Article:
From Elizabeth Warren to Cory Booker, many high-profile lawmakers now identify reducing the racial wealth gap as a policy priority, bringing more attention to growing disparities between white and non-white households than ever before. While we track the ambitious proposals being made at the federal level to close the wealth gap, numerous measures that would reduce barriers to accumulating wealth have been introduced in the California State Legislature. One of which is SB 144, the “Families Over Fees Act” authored by Senator Holly Mitchell. This two-year bill proposes eliminating administrative fines and fees that people encounter at all points within the criminal justice system across California.
In order to understand how this bill would impact wealth inequality, we need to understand the context behind current levels of household wealth. As of 2018, the median income for a black household in California was just 10% that of a white household. This disparity can be attributed to a range of policies and practices that have cut off communities of color from wealth: redlining, predatory lending, and targeted policing to name a few. By laying out a plan to end criminal fines and fees, SB 144 acknowledges the historical factors that have created such an extreme wealth gap—specifically, the criminal justice system’s uneven application of punishment to communities of color.
Throughout California, fines and fees are assessed by courts to pay for services such as public defenders, mandatory drug testing, and probation supervision, often adding up to thousands of dollars for those who exit the system. The individuals that bear the burden of these fees are disproportionately non-white, given that these populations are overrepresented in the criminal justice system, even when controlling for criminal behavior. According to an East Bay Community Law Center report, “The California Department of Corrections and Rehabilitation found that in 2015. . . 42% of prisoners were Hispanic and 29% were African American.” These individuals are also the least able to pay their fees, as they are overwhelmingly low-income, without savings, and job insecure. When they inevitably cannot pay, they are further penalized with more fines or jail time, eroding what little wealth they have and embedding them further into the criminal justice system. This, in turn, widens the racial wealth gap, as unpaid court fees cause non-white households to fall further behind their white counterparts in accumulating savings.
Eliminating fines and fees would prevent local governments from extracting wealth from households who start out with little to none—mostly black and Latino households who make up the bottom of the wealth distribution.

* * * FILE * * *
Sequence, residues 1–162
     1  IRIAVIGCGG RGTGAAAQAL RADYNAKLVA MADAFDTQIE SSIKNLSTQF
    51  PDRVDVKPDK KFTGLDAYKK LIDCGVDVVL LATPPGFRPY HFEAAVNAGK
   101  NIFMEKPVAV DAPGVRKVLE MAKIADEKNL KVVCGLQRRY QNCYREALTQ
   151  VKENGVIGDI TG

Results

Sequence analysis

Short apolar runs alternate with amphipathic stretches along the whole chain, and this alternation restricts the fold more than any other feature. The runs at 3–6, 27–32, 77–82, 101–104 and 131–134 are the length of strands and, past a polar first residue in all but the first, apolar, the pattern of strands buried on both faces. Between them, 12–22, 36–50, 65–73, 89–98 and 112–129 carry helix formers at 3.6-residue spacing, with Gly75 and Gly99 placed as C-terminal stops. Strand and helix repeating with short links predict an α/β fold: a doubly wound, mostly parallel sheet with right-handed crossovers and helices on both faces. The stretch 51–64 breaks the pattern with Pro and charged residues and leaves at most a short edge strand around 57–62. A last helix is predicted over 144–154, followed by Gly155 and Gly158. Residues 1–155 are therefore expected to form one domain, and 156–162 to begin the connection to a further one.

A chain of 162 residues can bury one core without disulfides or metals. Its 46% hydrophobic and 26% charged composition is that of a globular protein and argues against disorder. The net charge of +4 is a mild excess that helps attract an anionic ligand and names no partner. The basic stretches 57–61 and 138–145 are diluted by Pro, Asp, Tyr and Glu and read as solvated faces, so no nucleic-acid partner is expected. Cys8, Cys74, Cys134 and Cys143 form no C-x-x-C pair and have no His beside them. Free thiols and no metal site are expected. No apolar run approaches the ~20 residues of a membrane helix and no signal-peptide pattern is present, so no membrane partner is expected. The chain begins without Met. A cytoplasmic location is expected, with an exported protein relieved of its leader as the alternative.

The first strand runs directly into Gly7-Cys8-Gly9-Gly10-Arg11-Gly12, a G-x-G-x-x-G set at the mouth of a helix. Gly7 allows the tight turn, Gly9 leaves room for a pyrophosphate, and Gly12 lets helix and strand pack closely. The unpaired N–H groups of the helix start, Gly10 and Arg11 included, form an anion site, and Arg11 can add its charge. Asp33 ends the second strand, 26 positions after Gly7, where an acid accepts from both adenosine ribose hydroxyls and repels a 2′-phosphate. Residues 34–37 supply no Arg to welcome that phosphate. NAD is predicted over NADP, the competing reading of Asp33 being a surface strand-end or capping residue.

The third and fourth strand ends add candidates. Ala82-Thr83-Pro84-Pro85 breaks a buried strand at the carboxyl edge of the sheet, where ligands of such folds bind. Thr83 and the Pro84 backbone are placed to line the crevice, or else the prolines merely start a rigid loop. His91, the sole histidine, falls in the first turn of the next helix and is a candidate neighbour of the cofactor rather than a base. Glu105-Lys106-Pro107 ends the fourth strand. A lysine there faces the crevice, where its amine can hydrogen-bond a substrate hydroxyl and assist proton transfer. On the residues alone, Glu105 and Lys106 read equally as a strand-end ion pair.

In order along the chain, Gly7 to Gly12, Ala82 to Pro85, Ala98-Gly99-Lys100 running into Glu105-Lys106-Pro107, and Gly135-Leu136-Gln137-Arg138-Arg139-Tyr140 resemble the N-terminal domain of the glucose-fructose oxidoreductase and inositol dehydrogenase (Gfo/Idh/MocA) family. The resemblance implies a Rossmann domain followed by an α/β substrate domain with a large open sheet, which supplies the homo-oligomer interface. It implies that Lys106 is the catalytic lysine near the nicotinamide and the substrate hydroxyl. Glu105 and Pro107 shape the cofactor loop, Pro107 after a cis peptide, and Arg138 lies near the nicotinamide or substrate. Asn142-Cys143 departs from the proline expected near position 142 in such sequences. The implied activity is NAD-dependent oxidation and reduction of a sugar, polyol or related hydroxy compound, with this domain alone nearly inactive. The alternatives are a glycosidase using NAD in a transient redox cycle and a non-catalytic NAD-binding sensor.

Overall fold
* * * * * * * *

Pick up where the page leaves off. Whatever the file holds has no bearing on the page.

Some might worry that eliminating fines and fees means lost revenue for counties. In theory, local government can pass off some of their costs to individuals and cut down on spending. In reality, this is hardly the case, as the majority of fees are imposed on people who cannot afford to pay. A 2018 study conducted by the San Francisco Treasurer’s Financial Justice Project found that over 80% of fees went unpaid so their county ended up covering most of the costs anyway, while people exiting the criminal justice system racked up more debt and faced higher chances of recidivism. Moreover, most of the fees that are collected go toward expenses related to debt collection, rather than public programs that might provide economic relief to people in poverty. Eliminating fines and fees would present no significant losses to cities and counties and would allow struggling households to devote their limited resources to necessities such as food, housing, and childcare. In light of these findings, San Francisco County has already eliminated all criminal fines and fees as of June 2018.
So far, SB 144 has made its way to the Assembly. Mitchell states, “This bill will relieve families from the kind of debt that impedes financial stability and true rehabilitation. I look forward to working with the stakeholders and the governor’s office in identifying the true costs related to these fees and moving the bill in 2020.” In the meantime, it is crucial that we urge legislators to pass this bill, whether that means contacting our local representatives or sending letters of support to the Public Safety Committee ahead of the bill’s hearing. To learn more about the research behind SB 144 and how to support its passage, take a look at these resources from Debt Free Justice California, the coalition that played a major role in authoring it.